I worked for a company who required smokers to leave the property to smoke. That would require them to leave through the guard shack then get into their car and leave the property. We had insurance issues, If someone would have wrecked their car, our insurance company told us that we would have be liable if that person was on the clock.

      1. Jubilance*

        I worked for a government contractor that had a similar policy – you had to clock out & drive off the large property to go smoke. A coworker was fired for clocking out for smoke breaks but not accounting for the time on his timecard or making it up – HR & security could clearly see that he’d been on property a total of 7hrs after smoke breaks but he’d put 8hrs on his timecard.

      2. Oryx*

        I worked in a prison with a similiar policy. Smoking wasn’t allowed anywhere on the property and when prisoners were released they would often want to light up as soon as they were out of the gates, but I’d see C/Os politely tell them to wait until they were actually in the car and out of the parking lot.

    4. Cherry Scary*

      There was a merger between my company and another several years back. before I was ever hired. One had a strict no-smoking policy (they will not hire you if you smoke) the other did not. The merged company kept the no-smoking rule, but they gave notice that this would become policy and offered support services and a transition period.

      If this company is taking away/reducing breaks to try to get people to quit, they’re going about it rather strangely.

    5. The Cosmic Avenger*

      The fact that the company isn’t allowing e-cigs or no vapor products, I think, supports my impression that this isn’t a health issue, it’s about the smoking breaks in this particular culture being a major distraction from and disruption to the work that needs to be done.

      There’s very little published research as to the health effects of e-cigarettes or vaping, so it’s not known if it’s healthier or unhealthier for you than smoking. That is a common perception, though, that it’s a healthier alternative, but right now there’s no real body of scientific evidence to back that up.

      I still think your conclusion is correct, though.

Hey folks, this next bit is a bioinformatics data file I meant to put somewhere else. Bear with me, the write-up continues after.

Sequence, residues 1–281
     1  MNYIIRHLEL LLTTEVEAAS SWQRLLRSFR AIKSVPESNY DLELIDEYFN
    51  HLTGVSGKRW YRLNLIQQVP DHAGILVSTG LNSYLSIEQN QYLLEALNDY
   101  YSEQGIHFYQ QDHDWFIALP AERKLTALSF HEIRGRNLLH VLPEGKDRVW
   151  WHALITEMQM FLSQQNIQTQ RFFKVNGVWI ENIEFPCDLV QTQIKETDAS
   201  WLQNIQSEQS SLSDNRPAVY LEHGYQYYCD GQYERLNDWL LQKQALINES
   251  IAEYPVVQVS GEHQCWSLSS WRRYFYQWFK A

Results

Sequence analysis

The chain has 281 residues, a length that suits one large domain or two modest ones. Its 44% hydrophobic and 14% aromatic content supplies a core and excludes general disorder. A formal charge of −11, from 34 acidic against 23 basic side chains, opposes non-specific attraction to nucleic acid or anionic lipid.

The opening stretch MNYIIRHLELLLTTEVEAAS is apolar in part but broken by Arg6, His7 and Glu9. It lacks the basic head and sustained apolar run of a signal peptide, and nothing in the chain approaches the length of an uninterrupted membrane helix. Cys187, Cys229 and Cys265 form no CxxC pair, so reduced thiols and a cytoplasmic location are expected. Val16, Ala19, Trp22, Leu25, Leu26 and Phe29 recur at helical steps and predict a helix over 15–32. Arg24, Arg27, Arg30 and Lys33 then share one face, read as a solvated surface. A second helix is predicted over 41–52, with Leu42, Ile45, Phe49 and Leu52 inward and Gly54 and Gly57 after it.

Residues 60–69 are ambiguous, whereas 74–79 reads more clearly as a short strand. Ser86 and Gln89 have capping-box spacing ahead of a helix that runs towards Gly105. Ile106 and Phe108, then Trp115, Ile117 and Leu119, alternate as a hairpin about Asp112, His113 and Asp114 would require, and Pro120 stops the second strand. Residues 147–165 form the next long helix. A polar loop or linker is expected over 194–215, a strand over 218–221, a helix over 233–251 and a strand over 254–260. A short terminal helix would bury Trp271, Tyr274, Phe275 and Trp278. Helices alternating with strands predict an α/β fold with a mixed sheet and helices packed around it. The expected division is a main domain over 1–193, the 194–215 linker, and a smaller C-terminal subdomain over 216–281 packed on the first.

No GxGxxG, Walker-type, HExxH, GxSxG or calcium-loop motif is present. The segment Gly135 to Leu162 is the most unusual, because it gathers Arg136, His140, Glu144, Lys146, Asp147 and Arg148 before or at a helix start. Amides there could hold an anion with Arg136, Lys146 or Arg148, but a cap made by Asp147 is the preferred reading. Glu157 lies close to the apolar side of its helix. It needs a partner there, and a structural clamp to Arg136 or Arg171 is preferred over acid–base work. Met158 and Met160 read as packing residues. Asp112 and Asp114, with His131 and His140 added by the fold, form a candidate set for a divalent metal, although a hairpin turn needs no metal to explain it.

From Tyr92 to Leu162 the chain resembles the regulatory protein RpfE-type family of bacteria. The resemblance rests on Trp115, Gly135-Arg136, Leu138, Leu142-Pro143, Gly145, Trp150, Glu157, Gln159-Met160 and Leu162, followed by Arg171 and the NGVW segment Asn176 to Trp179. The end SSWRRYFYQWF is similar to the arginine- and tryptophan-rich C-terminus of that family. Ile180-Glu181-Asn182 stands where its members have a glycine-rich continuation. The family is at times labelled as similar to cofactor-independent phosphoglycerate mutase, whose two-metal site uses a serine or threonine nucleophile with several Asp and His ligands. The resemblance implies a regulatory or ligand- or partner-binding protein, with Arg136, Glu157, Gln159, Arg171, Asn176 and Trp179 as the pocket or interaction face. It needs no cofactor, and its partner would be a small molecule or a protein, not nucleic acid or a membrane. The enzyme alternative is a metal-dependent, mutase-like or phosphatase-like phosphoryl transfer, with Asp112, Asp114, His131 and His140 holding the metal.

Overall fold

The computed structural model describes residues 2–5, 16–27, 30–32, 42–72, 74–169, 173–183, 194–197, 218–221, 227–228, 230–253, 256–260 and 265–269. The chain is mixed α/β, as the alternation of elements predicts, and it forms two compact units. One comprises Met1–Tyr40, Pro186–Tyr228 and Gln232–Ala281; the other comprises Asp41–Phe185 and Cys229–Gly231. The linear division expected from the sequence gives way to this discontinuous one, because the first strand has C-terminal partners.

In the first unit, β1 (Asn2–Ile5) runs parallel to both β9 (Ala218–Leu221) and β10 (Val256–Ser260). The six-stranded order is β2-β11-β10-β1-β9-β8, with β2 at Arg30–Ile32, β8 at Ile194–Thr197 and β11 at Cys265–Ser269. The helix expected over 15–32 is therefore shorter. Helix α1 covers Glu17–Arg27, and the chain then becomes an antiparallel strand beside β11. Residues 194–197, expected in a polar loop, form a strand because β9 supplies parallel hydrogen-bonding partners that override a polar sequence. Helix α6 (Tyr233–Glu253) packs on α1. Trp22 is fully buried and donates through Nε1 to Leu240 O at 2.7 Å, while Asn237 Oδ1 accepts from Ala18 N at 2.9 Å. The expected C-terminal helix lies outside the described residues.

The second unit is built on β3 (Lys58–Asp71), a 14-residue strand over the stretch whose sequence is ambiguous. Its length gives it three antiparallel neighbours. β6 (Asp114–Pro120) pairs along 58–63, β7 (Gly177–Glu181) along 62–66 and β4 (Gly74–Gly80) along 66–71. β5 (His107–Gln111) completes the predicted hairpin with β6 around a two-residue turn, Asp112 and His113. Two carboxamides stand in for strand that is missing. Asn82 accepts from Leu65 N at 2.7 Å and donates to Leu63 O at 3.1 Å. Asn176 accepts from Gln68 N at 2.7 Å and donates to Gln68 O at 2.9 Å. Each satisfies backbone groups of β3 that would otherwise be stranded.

1. Cube Ninja*

        There is PLENTY of scientific research out there, but a huge number of public health agencies are simply choosing to disregard it entirely. There are no *long term* studies, but preliminary research is extremely promising – at worst, e-cigs are ~95% less harmful than smoking.

        Stating that “it’s not known if it’s healthier or unhealthier for you than smoking” is, quite frankly, a completely inane statement. No tar, no combustion, 3,996 fewer chemicals, but we can’t be sure if they’re less harmful? Come on.

        1. Dolly*

          I’m sorry but many, many things seemed perfectly safe in preliminary testing only to be discovered to be obscenely harmful in long term studies. So until there are long term studies, I’m going to agree that we absolutely do not know and there is no evidence as to the health impact of e-cigs.

          1. Cube Ninja*

            It’s fair to say that there is no evidence as to the *long term* health impact, because that’s true. Suggesting that there’s no evidence that they’re less harmful than smoking cigarettes, however, is not fair to say.

            1. The Cosmic Avenger*

              The number of chemicals is a matter of conjecture on your part, since e-cigarettes are not yet regulated by the FDA. They could contain anything in any amount and users wouldn’t know it. Cigarettes receive a lot more scrutiny because they are highly regulated, so they are a better known quantity. There may be “evidence” that supports your belief, but that does not make it the final word or even conclusive.

              1. Cube Ninja*

                Funny, I wasn’t aware that FDA regulation was required for a basic study of chemistry and toxicology. There are multiple peer-reviewed studies on this subject (including several published via NIH’s PubMed service) and I strongly recommend that you review at least a few of them.

            2. Dolly*

              I don’t think it is unfair to say there’s no evidence that they’re less harmful than smoking cigarettes because there is no evidence of this. There is also no evidence that they are as harmful or more harmful. There is no evidence in any direction…because there are no long term studies.

              Also it is wildly concerning that the companies that make these refuse to voluntarily release the chemicals included in their product and use the excuse of “The FDA hasn’t required it” as a reason to hide htis information.